Popular anti-trafficking bill stalled amid abortion debate

Popular bill to fight human trafficking stalls in Congress amid debate over abortion restrictions

Hopes for passage of a popular bill to fight human trafficking were all but dashed Wednesday after the debate devolved into a partisan fight over restricting abortions.

What should have been an easy legislative win in Congress turned into a finger-pointing blame game. Democrats say Republicans slipped the abortion provision in without their knowledge; Republicans counter that Democrats should have been paying closer attention to the legislative language.

Now, the bipartisan bill that would establish a $30-million victims fund and provide law enforcement tools to clamp down on human trafficking appears headed for defeat.

"All of a sudden, some of our colleagues woke up, I guess, yesterday morning, and said ... they were outraged," fumed Sen. John Cornyn (R-Texas),  the bill's author. "It would be a real shame and a tragedy if something that was designed to help these vulnerable kids was killed here in the Senate."

The provision in question is the so-called Hyde amendment, which blocks taxpayer funds from being used to pay for abortion services except in cases of rape or incest or when the mother's life is in danger.

Congress typically approves the Hyde amendment each year as part of the annual spending package. But including it in the multiyear human trafficking bill brought objections from Senate Democrats, who viewed it as an expansion of already agreed upon abortion limits.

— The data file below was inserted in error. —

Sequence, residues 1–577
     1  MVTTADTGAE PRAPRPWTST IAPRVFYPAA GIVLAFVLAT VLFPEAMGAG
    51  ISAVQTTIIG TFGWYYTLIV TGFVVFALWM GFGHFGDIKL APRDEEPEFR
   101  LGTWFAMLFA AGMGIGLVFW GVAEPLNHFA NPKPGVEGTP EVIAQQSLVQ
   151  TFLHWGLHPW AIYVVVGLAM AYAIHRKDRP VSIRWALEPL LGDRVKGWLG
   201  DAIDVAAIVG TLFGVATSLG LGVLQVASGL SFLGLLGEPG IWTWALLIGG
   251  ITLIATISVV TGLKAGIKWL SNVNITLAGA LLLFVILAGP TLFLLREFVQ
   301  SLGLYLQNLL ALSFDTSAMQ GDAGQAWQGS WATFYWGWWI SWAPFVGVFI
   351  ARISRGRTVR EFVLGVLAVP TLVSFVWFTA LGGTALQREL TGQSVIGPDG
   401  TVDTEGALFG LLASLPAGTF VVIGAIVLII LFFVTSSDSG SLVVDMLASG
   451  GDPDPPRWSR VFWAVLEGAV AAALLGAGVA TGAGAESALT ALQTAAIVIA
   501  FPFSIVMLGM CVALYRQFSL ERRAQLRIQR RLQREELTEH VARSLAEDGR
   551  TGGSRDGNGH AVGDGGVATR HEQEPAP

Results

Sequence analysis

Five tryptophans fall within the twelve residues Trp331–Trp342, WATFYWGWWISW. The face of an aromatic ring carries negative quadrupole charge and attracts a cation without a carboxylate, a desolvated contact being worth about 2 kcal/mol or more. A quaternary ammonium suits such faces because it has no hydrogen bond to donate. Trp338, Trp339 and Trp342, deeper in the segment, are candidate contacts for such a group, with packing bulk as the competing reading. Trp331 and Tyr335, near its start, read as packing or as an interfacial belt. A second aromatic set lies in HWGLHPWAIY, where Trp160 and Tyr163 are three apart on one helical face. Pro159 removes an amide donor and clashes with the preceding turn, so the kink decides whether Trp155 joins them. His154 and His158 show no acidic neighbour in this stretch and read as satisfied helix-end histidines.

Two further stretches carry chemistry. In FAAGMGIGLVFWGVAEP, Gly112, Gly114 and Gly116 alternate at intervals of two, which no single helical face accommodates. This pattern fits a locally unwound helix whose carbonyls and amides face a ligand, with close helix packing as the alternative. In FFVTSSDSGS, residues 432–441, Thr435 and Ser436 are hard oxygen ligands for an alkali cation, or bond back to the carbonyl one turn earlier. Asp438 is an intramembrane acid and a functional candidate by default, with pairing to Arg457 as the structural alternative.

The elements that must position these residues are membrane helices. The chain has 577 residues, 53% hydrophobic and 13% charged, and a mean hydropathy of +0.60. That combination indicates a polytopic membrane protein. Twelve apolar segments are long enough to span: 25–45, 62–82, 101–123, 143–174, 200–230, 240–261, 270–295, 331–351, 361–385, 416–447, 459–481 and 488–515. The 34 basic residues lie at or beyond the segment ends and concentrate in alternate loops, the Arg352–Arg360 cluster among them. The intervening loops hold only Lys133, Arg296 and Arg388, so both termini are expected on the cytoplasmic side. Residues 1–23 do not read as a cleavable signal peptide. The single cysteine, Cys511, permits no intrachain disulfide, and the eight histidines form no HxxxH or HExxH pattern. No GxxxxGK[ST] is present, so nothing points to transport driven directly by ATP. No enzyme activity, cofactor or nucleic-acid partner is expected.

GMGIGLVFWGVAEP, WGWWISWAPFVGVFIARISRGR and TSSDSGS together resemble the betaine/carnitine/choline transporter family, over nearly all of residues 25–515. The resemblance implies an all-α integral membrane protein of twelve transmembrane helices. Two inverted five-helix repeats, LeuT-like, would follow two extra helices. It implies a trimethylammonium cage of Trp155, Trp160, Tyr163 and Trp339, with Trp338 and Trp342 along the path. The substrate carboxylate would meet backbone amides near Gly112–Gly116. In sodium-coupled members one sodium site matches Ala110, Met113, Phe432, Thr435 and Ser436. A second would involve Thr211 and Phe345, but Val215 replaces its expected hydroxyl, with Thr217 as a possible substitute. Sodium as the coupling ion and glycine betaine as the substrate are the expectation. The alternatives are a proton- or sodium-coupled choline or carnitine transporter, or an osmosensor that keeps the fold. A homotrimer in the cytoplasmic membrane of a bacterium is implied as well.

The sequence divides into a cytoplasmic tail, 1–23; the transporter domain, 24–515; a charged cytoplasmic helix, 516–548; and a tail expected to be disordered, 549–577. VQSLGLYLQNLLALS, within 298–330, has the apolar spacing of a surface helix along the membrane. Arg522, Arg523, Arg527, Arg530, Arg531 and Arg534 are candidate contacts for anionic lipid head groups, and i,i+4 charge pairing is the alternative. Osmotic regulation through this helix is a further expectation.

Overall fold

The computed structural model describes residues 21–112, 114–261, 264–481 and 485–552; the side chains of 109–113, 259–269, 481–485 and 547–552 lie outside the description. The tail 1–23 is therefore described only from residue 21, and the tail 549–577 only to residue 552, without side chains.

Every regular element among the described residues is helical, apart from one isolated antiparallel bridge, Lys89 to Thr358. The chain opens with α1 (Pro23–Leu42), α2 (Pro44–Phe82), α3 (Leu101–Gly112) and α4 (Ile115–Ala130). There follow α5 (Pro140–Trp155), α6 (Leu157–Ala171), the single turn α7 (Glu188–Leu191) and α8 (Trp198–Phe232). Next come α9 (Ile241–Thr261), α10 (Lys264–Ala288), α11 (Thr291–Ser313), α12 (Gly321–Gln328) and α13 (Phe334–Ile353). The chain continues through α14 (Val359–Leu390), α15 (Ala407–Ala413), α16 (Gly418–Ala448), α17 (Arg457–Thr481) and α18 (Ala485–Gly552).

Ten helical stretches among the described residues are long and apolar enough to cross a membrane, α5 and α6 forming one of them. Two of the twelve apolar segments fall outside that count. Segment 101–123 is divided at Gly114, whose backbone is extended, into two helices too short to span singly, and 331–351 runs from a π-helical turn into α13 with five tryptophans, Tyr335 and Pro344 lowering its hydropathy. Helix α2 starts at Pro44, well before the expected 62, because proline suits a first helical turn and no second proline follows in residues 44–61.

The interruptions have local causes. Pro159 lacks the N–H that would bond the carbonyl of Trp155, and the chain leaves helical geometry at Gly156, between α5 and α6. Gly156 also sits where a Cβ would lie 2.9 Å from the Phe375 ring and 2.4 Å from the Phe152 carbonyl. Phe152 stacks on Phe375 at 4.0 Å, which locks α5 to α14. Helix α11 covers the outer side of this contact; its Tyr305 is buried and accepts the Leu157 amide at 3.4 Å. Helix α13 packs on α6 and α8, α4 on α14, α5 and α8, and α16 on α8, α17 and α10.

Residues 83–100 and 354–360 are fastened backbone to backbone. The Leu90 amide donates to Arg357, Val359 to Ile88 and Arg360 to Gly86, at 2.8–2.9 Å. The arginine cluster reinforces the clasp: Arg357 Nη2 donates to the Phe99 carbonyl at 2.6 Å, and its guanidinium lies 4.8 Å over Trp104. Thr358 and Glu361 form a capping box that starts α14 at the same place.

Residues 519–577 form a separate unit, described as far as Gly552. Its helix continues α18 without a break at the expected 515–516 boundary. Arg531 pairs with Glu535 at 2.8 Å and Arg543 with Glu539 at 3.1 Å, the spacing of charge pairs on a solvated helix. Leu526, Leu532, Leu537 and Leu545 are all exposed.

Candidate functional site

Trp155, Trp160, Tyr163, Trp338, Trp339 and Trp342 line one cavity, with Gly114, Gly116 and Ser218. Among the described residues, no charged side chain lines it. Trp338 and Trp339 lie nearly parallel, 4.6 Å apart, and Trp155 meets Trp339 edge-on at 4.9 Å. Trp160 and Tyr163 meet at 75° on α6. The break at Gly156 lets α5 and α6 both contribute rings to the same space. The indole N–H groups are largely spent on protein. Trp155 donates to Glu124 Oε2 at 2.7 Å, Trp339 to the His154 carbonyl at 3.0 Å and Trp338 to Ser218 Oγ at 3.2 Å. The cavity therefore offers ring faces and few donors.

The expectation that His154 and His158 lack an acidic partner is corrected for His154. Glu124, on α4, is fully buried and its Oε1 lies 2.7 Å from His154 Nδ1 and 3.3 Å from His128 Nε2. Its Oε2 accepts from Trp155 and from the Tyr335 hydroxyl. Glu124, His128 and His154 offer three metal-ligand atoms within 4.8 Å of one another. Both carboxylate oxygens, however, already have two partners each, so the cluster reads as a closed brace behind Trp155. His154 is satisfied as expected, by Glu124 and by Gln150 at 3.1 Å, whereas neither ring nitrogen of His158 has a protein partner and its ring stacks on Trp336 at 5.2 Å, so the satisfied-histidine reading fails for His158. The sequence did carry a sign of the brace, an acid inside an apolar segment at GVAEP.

Including the Hyde amendment in the anti-trafficking bill would mean that in addition to not using taxpayer money for abortions, the fees criminals pay into the victims fund could not be used to fund the procedure.

Senate Minority Leader Harry Reid (D-Nev.) said if Republicans removed the abortion restrictions, Democrats would allow the bill to advance.

"Keep the abortion language out of the bill," Reid said.

Since the provision came to light this week, the Senate has been at a standstill. Democrats are waiting for Republicans to remove it. Republicans are waiting for Democrats, who are already on record as supporting the trafficking measure, to yield.

Neither option seems likely, which means the Senate will probably end the week with the bill's defeat.

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